Divorce Express

The Arbitrator

                                                                                              

What Is Arbitration?

An Arbitrator is a "private Judge".  You can agree to arbitrate your diffences instead of going through the normal court process. It is normally quicker and more private. A mediator helps you make a decision. An arbitrator makes the decision.

Arbitration Can Be Binding or Non-Binding

In arbitration, the parties agree to be bound by the arbitrator's decision. It is possible to use an arbitrator to make a "non-binding" decision---sort of like an expert consulting opinion, to help you negotiate your own agreement.

You Pick Your Arbitrator

If mediation does not result in an agreement, arbitration will follow. You will be asked to select an arbitrator. Our Network includes arbitrators with significant experience in family law matters. They include retired judges or lawyers with at least 15 years of experience in family law matters. We will provide you with detailed biographical information to assist you in the selection.The Network Arbitrators are well qualified, but you are not obligated to select from our Network.   If the two of you cannot agree, you can authorize our Coordinator to make the selection.

How Does Arbitration Work?

Private Hearing

Typically a private trial or hearing will be held. Evidence may be presented, testimony may be given and advocates for the respective positions of the parties may argue on their behalf. The standard rules of evidence may be applied.  Arbitration takes place outside of a Courthouse and in a private setting. You will meet with your arbitrator before the arbitration to decide exactly how it should work and what rules should apply. Our Coordinator will assist you in scheduling the meeting.

Must You Have A Lawyer To Arbitrate? 

No.  Both parties typically use their own lawyer during arbitration. However, that is not mandatory. Either or both of you can represent yourselves.  This is a unique opportunity for many within the Divorce Express process. It is not free. The arbitrators must be paid, but you can be heard without the usual trappings and costs incident to being heard within the legal system.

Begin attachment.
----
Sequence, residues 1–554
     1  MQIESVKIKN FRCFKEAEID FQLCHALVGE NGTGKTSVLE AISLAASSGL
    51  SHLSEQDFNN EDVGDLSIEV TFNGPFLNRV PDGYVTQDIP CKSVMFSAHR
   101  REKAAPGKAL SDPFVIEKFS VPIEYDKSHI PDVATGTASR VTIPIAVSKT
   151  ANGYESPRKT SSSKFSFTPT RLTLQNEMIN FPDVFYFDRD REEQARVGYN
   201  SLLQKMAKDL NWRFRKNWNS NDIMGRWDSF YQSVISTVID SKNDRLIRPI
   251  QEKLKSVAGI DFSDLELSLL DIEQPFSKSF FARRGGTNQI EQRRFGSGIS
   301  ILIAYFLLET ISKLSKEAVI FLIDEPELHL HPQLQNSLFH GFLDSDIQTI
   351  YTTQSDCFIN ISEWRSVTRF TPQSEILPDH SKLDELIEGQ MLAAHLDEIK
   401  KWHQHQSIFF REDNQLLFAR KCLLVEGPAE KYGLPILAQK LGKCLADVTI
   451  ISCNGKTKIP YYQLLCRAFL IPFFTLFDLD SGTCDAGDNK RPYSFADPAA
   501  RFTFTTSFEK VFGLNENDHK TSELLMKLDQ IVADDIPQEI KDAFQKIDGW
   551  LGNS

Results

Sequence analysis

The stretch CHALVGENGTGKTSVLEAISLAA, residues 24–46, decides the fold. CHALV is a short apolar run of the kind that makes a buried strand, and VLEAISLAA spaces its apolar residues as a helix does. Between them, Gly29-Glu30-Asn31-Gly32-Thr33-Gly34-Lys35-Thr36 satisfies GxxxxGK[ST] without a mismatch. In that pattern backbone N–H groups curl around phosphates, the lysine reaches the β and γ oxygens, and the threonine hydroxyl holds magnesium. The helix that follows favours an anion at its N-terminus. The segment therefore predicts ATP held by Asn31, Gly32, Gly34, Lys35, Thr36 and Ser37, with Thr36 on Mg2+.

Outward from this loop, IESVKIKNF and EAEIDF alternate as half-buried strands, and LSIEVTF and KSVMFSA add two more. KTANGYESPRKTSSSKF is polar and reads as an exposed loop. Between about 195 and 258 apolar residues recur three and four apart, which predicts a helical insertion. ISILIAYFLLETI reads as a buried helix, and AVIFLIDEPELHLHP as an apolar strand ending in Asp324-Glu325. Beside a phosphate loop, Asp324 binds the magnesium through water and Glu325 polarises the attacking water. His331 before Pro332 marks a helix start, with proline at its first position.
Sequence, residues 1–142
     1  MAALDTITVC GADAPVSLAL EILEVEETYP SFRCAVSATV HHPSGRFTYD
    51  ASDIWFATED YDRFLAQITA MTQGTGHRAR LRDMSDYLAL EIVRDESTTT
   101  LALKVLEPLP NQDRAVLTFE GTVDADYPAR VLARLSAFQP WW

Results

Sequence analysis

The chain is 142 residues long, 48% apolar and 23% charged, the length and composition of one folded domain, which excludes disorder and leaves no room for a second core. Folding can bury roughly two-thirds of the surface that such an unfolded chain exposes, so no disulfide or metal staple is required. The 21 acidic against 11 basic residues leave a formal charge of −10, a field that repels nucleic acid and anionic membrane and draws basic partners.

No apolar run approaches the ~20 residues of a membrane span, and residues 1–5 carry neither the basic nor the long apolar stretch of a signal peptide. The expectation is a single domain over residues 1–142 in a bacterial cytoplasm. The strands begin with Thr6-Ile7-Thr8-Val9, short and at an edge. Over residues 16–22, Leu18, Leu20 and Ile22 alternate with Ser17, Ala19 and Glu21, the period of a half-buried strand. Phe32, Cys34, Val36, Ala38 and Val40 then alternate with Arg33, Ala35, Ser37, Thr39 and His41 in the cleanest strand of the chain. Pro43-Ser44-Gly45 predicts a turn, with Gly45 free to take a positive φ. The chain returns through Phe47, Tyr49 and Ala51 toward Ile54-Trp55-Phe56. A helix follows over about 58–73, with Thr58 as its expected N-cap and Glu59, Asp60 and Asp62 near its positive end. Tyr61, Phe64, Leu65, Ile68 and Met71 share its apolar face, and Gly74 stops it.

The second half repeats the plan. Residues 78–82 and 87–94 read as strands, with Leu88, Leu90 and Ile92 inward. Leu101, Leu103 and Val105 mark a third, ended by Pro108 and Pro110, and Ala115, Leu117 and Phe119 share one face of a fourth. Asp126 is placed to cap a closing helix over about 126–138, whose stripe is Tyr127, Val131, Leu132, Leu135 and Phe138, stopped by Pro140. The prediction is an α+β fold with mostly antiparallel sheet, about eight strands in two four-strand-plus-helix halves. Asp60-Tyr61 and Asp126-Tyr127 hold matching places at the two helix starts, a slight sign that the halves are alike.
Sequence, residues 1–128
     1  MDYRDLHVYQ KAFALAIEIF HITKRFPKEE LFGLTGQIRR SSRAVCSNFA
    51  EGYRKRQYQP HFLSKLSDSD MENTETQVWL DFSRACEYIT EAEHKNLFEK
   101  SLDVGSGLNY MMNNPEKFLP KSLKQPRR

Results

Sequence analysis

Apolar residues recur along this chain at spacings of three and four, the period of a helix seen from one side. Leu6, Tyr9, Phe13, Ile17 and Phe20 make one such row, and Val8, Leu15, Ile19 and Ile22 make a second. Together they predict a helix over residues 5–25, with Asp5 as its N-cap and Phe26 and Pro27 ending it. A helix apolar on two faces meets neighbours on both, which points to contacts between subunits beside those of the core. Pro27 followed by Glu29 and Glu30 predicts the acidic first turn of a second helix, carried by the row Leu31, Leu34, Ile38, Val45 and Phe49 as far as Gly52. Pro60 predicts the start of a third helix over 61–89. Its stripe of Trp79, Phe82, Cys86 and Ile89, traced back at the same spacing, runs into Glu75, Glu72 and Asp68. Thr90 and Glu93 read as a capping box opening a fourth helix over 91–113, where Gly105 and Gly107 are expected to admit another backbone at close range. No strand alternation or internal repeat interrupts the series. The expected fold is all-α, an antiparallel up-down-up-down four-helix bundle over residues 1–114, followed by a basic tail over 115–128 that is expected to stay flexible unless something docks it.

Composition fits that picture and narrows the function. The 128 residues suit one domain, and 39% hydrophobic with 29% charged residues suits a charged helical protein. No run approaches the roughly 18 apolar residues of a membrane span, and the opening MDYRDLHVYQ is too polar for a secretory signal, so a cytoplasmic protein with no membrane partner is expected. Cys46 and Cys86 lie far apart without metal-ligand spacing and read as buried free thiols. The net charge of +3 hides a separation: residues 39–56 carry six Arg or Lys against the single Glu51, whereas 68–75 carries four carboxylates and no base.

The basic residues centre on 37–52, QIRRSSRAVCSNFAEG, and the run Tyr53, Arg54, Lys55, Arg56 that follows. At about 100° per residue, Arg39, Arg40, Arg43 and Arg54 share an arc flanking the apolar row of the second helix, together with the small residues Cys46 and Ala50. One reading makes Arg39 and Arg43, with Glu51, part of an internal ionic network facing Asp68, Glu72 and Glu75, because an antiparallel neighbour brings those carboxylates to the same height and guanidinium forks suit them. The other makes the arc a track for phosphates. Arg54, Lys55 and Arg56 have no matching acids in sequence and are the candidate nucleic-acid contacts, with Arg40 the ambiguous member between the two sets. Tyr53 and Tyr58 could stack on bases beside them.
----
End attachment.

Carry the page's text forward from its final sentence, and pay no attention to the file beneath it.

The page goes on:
Cost?

The arbitrator charges an hourly rate, and their rates are listed in the information provided for each on the Website.  The arbitrator is a private individual serving in the capacity of a Judge. The arbitrator will bill by the hour, or in some identifiable fashion, for the services which are performed. However, anyone who has sat through a litigated case knows how much time is devoted to waiting, to postponements, to unexpected delays and to the demands otherwise placed on a Court’s time. Combine that experience with the clumsy procedures available to force disclosure of information when disclosure is resisted, is done unwillingly or is done deceitfully, and you will soon understand that the cost of the arbitrator is money well spent to save these additional expenditures.

Advantage: Speed and Time

The process of litigating through the Court system is slower than many can tolerate. The time between beginning and end in arbitration is more the subject of your own control. You and your spouse, or your chosen agents or representatives, can pick your own arbitrator (It can be anyone you agree upon). You can ask about the arbitrator’s availability and schedule in advance of making the selection. Remember, although arbitration may bring the matters in dispute to resolution more quickly, the actual divorce must still be granted by a Court—an arbitrator cannot do so-- and the standard Maryland rules pertaining to grounds for divorce will apply.

Advantage: Privacy

In an arbitrated proceeding, the transcript of the testimony is not automatically made public. The files in an arbitrated proceeding can be protected from public disclosure and can effectively be “sealed” i.e. closed to the prying or inquiring eyes of public view. In litigated proceedings, Courts are not free to do. In addition, arbitrated cases take place in a private office or other controlled setting. Ingress and egress can be restricted by mutual agreement. Thus, they can be made far less exposed to public view.

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